In one Dutch version of the tale, the ship’s captain, here known as ‘van Straaten’, was an arrogant man who claimed he could sail around the Cape of Good Hope, he said he would not retreat even if faced with a terrible storm, the ship was lost during the voyage however and the dead crew still sail the seas today. A German version of the legend says the captain, this time called van Flakenberg, engaged in a game with the devil, he subsequently lost and was condemned to a living death aboard his ship, never allowed to set foot on land again.
The Flying Dutchman is said to have been seen as recently as 1923 at the Cape of Good Hope – the ship’s legendary home which is known for its treacherous sailing conditions, the ship was seen from land just on the horizon although many say it was simply a trick of the light. The last recorded sighting of the ship was in 1942 off the coast of Cape Town; four people saw the Dutchman sail into Table Bay... and simply vanish.
Friday, 1 December 2017
One of the most recent sightings of this spectral black dog was in 1989. A small group of teenagers were walking through a local graveyard one night when a large hound appeared and scared them, shortly after this, the beast leaped the churchyard wall and 'landed' on the bonnet of a passing car, much to the driver's shock.
Sunday, 19 November 2017
Poveglia Island - it is a place you can’t visit, it isn’t open to tourists or the public, nobody local wants take you, in the rare event that people have been to the island, most have come away wishing they hadn’t tried except for some paranormal investigators. It is considered one of the most haunted places on the planet, and its history explains why.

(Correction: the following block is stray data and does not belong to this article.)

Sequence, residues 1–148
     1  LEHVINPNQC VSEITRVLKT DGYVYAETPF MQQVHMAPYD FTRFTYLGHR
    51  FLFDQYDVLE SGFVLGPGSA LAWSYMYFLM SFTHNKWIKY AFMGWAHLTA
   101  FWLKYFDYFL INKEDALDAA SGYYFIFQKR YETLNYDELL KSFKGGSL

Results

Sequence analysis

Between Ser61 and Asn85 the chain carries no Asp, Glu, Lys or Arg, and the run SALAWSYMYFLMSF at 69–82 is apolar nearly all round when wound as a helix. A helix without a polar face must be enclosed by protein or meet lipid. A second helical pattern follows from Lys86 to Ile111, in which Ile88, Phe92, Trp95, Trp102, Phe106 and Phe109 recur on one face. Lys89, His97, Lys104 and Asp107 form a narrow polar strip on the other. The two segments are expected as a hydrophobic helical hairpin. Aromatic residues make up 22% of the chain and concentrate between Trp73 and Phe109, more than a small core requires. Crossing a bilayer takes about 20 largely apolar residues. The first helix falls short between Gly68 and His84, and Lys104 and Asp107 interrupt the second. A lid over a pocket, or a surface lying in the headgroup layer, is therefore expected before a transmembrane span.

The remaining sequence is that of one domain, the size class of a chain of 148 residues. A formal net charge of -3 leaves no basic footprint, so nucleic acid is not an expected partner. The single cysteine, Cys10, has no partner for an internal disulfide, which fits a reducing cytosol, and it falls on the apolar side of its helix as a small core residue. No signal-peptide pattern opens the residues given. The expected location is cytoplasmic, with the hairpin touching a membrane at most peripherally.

Situated between Venice and the Lido area in northern Italy, Poveglia Island looks like an innocuous place, green, wooded, with a large building to one side and a generally tidy, peaceful place, but it has a past that makes one shudder. It started out well enough, in the year 421, people from the surrounding Padua and Este fled to the island to escape barbaric invasions that were occurring in Italy, these people were the first inhabitants of Poveglia and by the 9th century the island became fully populated and stayed that way for many years, until Venice came under attack from the Genoan fleet in 1379 and the people were moved off the island leaving it abandoned. It remained uninhabited for centuries and it began to promote an ominous feeling in local people. It is said that in 1527 the Chief Magistrate of Venice and Genoa offered the island to the Camaldolese monks, but they turned down the offer, then in 1661 the descendants of the original inhabitants of Poveglia were given the chance to rebuild their village on the island, but they also flatly refused.